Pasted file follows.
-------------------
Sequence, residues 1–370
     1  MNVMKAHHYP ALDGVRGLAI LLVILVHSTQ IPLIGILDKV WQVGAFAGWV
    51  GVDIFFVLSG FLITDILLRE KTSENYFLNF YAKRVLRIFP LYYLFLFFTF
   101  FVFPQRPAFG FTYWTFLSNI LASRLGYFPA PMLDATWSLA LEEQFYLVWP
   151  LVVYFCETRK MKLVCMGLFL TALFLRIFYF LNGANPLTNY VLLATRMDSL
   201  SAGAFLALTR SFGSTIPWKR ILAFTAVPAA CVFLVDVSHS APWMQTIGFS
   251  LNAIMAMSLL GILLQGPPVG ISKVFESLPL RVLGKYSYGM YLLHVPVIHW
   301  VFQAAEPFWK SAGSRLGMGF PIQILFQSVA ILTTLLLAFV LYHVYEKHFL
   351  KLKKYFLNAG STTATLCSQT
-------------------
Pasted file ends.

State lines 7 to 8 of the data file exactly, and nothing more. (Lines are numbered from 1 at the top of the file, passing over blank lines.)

   251  LNAIMAMSLL GILLQGPPVG ISKVFESLPL RVLGKYSYGM YLLHVPVIHW
   301  VFQAAEPFWK SAGSRLGMGF PIQILFQSVA ILTTLLLAFV LYHVYEKHFL